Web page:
November 24, 2017

By: Joseph Rikhof

There has been plethora of international criminal institutions in the last 15 years.

The First Generation

What can be termed the first generation of such organizations, are the ones established by the United Nations Security Council under Chapter VII of the United Nations Charter. They are the International Criminal Tribunals for the Former Yugoslavia (ICTY) and Rwanda (ICTR), which were set up in 1994 and 1995 respectively.1 These tribunals have their own Trial Chambers and a shared Appeals Chamber. The decisions of the Chambers of the two tribunals have greatly contributed to the development of the international law of war crimes, genocide and crimes against humanity. The ICTY has indicted 161 persons, the cases of 136 of those have been completed resulting in convictions and sentences of 76 persons in 52 separate trial processes plus 20 acquittals. The ICTR has indicted 93 persons of whom 76 have been arrested and 61 convicted in 44 judgments (plus another 13 have been acquitted). The ICTR ceased operations in December 2015 while the same will happen with the ICTY in December 2017. Outstanding legal issues, including the conduct of trials will be carried out by a joint United Nations Mechanism for International Criminal Tribunals (MICT).

The Second Generation

Apart from the activities of the two ad hoc tribunals, there has been a lot of work done under the auspices of the United Nations to establish a permanent international criminal court. The Statute of the International Criminal Court, a second-generation institution, was treaty adopted on July 17, 1998, entered into force on 1 July 2002, and has now been ratified or acceded to by 123 states. It contains definitions of aggression, genocide, crimes against humanity and war crimes, which can be considered the most contemporary formulation of the international law at that time pertaining to these crimes. The court started operating on July 1, 2002 and has indicted 32 persons in ten situations.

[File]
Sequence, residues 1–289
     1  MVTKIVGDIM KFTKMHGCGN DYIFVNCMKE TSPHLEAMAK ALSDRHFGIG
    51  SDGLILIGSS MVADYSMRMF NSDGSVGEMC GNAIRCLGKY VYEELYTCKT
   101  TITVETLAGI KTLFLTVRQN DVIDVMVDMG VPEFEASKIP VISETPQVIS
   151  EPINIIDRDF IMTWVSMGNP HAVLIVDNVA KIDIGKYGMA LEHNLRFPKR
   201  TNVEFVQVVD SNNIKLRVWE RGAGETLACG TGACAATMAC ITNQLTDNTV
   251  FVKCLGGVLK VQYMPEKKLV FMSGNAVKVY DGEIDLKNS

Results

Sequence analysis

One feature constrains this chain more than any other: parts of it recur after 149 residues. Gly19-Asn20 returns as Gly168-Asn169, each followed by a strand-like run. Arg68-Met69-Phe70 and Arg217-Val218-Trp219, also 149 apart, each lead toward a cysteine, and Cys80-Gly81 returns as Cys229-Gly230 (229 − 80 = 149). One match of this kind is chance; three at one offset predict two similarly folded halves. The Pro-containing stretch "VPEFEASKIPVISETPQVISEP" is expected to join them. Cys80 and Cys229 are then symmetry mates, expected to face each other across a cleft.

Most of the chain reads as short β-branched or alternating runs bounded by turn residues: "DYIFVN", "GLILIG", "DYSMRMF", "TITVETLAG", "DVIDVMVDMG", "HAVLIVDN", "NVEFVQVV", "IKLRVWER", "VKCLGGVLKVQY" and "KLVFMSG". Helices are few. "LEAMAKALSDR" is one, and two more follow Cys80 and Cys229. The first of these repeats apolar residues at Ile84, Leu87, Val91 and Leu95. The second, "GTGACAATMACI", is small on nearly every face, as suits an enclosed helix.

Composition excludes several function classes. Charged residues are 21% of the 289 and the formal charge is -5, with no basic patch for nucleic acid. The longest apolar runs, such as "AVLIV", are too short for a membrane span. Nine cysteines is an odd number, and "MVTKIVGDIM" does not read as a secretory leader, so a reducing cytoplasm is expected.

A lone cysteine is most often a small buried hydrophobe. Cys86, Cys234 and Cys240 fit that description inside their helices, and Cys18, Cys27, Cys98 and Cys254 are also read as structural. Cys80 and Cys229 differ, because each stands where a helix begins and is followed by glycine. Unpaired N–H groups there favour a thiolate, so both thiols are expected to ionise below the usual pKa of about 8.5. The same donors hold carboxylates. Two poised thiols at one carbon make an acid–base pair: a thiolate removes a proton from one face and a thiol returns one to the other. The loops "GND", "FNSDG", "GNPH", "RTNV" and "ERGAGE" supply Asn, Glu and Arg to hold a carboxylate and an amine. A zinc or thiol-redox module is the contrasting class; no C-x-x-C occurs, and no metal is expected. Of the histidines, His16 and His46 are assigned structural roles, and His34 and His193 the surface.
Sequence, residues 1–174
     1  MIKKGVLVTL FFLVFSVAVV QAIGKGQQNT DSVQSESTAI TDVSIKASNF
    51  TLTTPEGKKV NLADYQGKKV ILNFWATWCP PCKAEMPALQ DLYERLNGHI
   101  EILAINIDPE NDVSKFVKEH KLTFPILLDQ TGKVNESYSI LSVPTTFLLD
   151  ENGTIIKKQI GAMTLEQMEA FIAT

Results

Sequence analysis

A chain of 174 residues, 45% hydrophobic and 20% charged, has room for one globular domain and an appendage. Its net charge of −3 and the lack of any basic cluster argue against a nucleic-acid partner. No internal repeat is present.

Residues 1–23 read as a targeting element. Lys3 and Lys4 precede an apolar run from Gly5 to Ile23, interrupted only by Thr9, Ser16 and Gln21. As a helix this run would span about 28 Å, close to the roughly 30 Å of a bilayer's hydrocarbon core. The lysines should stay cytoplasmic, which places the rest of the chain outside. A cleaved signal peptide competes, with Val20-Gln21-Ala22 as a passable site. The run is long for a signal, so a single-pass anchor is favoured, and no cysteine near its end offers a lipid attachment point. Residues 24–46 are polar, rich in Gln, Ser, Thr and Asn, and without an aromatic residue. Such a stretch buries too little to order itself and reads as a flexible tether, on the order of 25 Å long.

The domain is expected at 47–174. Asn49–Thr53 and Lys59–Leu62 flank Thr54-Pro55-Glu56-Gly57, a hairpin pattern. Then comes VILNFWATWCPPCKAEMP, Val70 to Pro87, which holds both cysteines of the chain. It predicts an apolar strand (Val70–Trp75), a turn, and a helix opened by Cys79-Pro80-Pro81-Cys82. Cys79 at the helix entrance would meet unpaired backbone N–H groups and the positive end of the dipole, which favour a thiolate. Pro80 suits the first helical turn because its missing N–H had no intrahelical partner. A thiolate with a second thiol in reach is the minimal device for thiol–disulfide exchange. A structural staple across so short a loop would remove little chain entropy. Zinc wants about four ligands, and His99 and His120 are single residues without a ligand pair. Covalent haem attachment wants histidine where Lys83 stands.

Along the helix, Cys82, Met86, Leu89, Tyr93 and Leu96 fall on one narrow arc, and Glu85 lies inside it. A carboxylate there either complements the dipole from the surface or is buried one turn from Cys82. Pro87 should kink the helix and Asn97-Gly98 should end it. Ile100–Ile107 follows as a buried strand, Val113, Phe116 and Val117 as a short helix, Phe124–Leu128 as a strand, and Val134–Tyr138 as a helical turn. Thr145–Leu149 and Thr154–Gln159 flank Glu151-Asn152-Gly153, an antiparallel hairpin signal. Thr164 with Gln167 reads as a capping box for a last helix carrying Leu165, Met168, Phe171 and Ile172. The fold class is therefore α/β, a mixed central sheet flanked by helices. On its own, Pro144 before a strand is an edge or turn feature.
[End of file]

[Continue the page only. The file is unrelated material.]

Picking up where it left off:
The Third Generation

The United Nations has also been instrumental in establishing five hybrid tribunals for dealing with international crimes.2These are the Special Panel for Serious Crimes of the Dili District Court in East Timor (and its Court of Appeal), the Special Court for Sierra Leone, the Extraordinary Chambers of the Courts of Cambodia, the War Crimes Chamber of the state court of Bosnia and Herzegovina and the courts in Kosovo. These courts have a mixed membership of local and international personnel, including the judges.

The Special Court for Sierra Leone was established on January 16, 2002 by agreement between the United Nations and the government of Sierra Leone and has jurisdiction over the international crimes of crimes against humanity, violations of common article 3 of the Geneva Conventions and other serious violations of international humanitarian law, the latter two mostly defined in the same manner as in the ICC Statute. The Special Court has convicted indicted nine persons, including Charles Taylor, the former president of Liberia. This court closed its doors in 2013 but for the same reasons as those for setting up the MICT, it has a follow-up institution called the Residual Special Court for Sierra Leone.